You’d think so, wouldn’t you?”
The following is An excerpt from my bookart titled Normal
that hasn’t made it into a full publication copy for manufacture yet.
Things, however, are evolving and progressing.
Let me preface this excerpt by saying that Historically, women have been and still are the majority of those who end up with a diagnosis of depression. The history matters because it is the foundation that all else rests on and is built from. A mistake is a mistake is a mistake no matter how old it is.
“The fact that the diagnosis of depression was created
by a particular group of men at a particular time
to categorize, name and define another group of people
is a fact that needs to not be overlooked or left unknown.
There is history here and with it oppressive factors.
The symptoms of depression certainly DO exist in a person’s reality
and I certainly don’t want to negate those realities.
However, our reality is perceived by what we know
and it is what we don’t know that is missing here.
The word depression is used extensively and is very popular,
almost epidemic, but in truth, many, many deeper truths exist underneath the term.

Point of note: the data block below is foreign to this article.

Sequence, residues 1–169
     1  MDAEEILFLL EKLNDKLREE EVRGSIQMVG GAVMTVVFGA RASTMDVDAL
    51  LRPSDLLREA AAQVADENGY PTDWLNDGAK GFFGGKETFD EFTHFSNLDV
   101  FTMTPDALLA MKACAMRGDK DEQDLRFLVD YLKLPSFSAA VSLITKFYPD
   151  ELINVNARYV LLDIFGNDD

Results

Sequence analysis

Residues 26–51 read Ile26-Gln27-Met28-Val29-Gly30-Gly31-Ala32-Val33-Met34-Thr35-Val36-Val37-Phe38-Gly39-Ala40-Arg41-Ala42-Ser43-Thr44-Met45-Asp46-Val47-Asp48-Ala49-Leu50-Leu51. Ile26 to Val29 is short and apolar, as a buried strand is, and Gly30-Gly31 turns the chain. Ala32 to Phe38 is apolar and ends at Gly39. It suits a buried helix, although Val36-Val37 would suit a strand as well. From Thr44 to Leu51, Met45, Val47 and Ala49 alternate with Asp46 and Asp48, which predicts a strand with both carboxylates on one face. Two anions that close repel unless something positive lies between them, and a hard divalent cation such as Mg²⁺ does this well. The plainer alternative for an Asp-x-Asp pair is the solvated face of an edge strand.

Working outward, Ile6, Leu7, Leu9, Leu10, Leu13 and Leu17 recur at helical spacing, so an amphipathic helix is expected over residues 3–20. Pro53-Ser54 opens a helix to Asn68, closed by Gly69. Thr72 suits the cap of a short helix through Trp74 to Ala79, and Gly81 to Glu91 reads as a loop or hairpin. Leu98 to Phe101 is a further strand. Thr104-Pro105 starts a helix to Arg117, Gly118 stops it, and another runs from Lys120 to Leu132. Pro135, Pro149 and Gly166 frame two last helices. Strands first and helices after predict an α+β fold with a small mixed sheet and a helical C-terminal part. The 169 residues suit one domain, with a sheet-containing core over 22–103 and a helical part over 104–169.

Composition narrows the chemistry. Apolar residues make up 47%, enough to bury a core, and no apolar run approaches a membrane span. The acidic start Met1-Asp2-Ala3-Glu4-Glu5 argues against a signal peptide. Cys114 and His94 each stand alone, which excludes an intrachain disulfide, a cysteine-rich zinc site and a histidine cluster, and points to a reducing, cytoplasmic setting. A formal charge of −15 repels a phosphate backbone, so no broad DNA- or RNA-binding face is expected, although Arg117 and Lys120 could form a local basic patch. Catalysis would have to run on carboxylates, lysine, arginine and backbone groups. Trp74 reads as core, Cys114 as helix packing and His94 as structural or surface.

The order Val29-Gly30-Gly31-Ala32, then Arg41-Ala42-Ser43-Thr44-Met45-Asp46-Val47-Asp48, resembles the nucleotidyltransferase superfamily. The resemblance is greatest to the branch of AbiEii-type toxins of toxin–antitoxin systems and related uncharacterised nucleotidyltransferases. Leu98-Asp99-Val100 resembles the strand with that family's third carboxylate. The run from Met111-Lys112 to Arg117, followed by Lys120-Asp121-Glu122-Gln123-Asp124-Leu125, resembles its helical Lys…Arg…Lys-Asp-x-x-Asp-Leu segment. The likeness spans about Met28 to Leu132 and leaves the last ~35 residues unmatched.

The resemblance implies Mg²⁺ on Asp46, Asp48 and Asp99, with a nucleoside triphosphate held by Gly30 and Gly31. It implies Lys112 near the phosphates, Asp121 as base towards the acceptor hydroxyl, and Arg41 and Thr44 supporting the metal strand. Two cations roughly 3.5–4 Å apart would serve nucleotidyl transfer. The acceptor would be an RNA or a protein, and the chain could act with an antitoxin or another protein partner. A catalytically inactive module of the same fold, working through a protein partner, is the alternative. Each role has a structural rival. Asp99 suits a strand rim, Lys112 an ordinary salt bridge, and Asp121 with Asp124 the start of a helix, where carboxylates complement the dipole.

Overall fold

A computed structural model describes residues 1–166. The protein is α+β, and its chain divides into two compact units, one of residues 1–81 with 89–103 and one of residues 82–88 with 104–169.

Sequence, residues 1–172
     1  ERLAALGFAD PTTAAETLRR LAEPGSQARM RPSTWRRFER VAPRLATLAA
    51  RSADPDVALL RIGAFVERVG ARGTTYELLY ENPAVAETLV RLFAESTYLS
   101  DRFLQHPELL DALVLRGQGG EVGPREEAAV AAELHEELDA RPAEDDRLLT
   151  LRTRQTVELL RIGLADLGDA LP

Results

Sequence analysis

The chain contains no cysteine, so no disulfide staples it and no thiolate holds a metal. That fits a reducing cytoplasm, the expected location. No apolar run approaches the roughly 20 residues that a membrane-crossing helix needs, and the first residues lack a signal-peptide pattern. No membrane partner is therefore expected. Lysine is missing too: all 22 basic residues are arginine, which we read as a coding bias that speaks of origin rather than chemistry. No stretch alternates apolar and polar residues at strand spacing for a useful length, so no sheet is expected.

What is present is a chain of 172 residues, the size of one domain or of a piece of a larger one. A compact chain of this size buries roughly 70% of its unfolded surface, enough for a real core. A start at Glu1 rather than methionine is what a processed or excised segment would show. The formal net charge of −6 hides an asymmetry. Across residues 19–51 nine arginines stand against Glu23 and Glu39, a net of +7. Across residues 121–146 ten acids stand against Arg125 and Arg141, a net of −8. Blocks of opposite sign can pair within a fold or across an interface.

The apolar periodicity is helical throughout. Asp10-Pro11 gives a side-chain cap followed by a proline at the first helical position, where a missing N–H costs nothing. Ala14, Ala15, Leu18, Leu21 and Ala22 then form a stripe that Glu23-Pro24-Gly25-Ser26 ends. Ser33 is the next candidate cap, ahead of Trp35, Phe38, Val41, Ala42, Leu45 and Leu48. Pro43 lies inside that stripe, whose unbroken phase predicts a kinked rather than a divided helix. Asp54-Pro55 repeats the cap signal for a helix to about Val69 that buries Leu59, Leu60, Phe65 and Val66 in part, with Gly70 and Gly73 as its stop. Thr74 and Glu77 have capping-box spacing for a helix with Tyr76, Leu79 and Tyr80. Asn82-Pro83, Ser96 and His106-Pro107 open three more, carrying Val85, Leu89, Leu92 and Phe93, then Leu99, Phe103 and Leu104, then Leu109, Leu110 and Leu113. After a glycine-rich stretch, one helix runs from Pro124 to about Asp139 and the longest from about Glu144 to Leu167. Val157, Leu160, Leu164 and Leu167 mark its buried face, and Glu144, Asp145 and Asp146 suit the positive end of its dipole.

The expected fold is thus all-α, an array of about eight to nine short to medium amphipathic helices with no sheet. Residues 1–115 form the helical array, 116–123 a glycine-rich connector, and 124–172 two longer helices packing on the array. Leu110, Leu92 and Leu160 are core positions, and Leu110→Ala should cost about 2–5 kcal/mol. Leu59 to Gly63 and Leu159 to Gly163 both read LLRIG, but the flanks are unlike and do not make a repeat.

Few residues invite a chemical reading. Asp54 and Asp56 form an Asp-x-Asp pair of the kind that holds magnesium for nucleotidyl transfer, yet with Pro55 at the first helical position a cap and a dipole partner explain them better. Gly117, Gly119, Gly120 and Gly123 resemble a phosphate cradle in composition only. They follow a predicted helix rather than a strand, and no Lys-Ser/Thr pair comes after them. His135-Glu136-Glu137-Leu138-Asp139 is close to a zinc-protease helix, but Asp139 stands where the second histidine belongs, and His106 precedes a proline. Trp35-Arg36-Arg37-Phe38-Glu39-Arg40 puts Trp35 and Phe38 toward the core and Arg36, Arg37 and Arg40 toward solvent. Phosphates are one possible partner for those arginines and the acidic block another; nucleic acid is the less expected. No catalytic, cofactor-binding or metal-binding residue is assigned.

The right questions are not being asked.
The language is the barrier here.
Other words would better articulate each person’s experience.
Personally, I don’t believe the word, depression, serves (many of) us very well.
We don’t get to the root of the problems with it.
Like many things in our culture and particularly in the medical field,
we have ways to cure symptoms.
Depression, as popularly known, is a symptom, not the root problem.
The problem is something else.
Of course, it does help to handle the ‘symptom’…but it
is better if we get to the root of the problem and get rid of the symptoms entirely – once and for all.
You’d think so, wouldn’t you?